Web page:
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GAO says Bush team engaged in illegal 'covert propaganda'

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NEWS MEDIA UPDATE   ·   WASHINGTON, D.C.   ·   Broadcasting   ·   Oct. 4, 2005

NEWS MEDIA UPDATE   ·   WASHINGTON, D.C.   ·   Broadcasting   ·   Oct. 4, 2005


GAO says Bush team engaged in illegal ‘covert propaganda’

  • The Department of Education broke the law by paying a columnist to promote Bush administration policies, a violation of a law barring “covert propaganda.”

Oct. 4, 2005  ·   Bush administration payments of $240,000 to conservative commentator Armstrong Williams to promote the “No Child Left Behind” education law were illegal, the Government Accountability Office said in a report released Friday. The Department of Education violated a law that prohibits government agencies from spending money on “publicity or propaganda” when it paid Williams to promote Bush’s policies and when it produced a prepackaged news story, the report says.

The GAO, the investigative arm of Congress, found that the department’s public relations efforts broke the law because the department did not explicitly disclose to the public its role in the prepackaged “news.”

In a report requested by Sen. Edward M. Kennedy (D- Mass.) and Sen. Frank Lautenberg (D- N.J.), the GAO found that the payments to syndicated columnist and TV personality Williams violated a statutory ban on covert propaganda. The senators requested the investigation after it was revealed late last year that the department hired Williams to promote Bush’s “No Child Left Behind” legislation.

Williams, host of “The Right Side,” was paid to regularly speak about the controversial policy during his show, and to interview then-Education Secretary Rod Paige for television and radio spots that aired on the show in 2004, according to Armstrong’s contract with Ketchum, Inc., a public relations firm. The contract was part of a $1 million deal to produce “video news releases” disguised as news reports, the GAO found.

The GAO’s general counsel referred to a federal appropriations measure that says no federal money “may be used by an executive branch agency to produce any prepackaged news story intended for broadcast or distribution unless the story includes a clear notification within the text or audio . . . was prepared or funded by that executive branch agency.” The report did not find such disclosure.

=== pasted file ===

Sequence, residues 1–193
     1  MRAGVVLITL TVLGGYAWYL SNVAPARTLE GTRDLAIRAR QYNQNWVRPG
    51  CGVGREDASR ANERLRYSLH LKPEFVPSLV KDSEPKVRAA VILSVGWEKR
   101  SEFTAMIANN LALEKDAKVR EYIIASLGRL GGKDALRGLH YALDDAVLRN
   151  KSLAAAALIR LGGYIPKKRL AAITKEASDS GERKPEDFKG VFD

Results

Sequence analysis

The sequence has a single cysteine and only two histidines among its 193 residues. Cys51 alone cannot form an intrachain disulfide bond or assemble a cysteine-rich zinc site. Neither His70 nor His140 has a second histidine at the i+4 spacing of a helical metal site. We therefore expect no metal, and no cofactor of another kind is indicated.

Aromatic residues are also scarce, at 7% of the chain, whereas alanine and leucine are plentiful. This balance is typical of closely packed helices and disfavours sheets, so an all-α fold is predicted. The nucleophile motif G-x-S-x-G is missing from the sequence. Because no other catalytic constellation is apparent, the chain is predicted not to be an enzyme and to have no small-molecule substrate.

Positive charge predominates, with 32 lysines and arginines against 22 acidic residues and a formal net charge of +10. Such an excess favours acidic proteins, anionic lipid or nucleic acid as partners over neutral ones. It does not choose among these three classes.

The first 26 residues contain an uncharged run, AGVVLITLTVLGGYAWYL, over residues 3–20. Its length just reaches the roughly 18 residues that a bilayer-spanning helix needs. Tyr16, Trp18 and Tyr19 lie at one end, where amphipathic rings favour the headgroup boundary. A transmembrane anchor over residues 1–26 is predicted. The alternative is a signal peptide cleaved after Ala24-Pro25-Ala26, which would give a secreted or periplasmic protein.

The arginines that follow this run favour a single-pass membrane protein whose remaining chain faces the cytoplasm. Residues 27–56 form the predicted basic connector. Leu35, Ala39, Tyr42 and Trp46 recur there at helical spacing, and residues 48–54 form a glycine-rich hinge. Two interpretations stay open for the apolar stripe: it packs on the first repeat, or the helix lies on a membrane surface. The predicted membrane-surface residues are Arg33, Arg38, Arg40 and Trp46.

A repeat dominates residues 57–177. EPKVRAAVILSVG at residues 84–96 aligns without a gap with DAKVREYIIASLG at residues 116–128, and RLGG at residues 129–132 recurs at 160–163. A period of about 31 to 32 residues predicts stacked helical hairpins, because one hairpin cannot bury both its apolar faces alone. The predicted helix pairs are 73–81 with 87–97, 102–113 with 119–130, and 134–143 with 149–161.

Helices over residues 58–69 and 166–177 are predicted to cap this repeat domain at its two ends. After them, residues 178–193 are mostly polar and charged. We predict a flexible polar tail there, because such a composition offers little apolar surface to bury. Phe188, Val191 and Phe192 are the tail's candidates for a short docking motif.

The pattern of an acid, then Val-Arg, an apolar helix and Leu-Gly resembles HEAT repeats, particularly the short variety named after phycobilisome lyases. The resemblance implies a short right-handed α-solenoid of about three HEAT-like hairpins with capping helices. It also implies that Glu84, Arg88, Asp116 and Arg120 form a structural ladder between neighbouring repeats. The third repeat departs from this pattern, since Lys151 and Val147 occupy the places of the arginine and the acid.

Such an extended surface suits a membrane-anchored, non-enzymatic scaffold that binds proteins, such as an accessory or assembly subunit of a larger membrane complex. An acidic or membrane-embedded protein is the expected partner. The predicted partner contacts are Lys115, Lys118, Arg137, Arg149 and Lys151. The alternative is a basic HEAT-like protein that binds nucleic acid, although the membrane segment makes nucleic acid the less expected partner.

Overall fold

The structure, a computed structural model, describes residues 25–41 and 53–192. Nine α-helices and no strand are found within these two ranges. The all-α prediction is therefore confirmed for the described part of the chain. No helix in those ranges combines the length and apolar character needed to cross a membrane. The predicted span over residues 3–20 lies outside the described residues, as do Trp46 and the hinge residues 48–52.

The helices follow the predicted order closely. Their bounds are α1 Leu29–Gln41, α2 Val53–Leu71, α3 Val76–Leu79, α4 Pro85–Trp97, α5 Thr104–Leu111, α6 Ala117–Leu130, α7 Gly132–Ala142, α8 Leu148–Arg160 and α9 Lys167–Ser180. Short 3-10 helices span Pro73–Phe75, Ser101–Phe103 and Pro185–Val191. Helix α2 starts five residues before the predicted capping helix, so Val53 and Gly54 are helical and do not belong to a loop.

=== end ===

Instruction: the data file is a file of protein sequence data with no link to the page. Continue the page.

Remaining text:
“The Bush administration took taxpayer funds that should have gone towards helping kids learn and diverted it to a political propaganda campaign,” Lautenberg said in a statement. “The administration needs to return these funds to the treasury.”

The department defends the contract with Williams, saying his commentaries were “no more than the legitimate dissemination of information to the public.”

The GAO investigation also found a previously undisclosed case in which the department commissioned a newspaper article that lauded the department’s role in promoting science education. The article was printed in a number of papers across the country through the North American Precis Syndicate, which provides news releases from companies, associations, public relations firms and government information offices, and free features for editors.

The 1913 law, updated in 1966, prohibits such deals. “Appropriated funds may not be used to pay a publicity expert unless specifically appropriated for that purpose,” a provision in the U.S. code reads. The GAO determined that the Bush administration violated this provision.

The “publicity and propaganda” law was cited in May 2004 by Anthony H. Gamboa, GAO’s general counsel, when he ruled that government videos disguised as news violate two other laws.

After news of the Williams contract broke, stories of two other part-time columnists, Maggie Gallagher and Michael J. McManus, were published. Both were paid by the Bush administration and did not disclose the relationship in their columns. However, Gallagher’s contract did not call for actual promotion of the administration’s policies and the $21,500 she was paid by the Department of Health and Human Services for work on the administration’s marriage initiative was not found to violate law. Gallagher, the president of the Institute for Marriage and Public Policy, is a marriage expert and researcher.

McManus, a syndicated columnist for 30 small newspapers who also heads a group that promotes marriage, was awarded a contract worth up to $10,000 for talking to religious and community groups about marriage counseling, the Los Angeles Times reported.

KT


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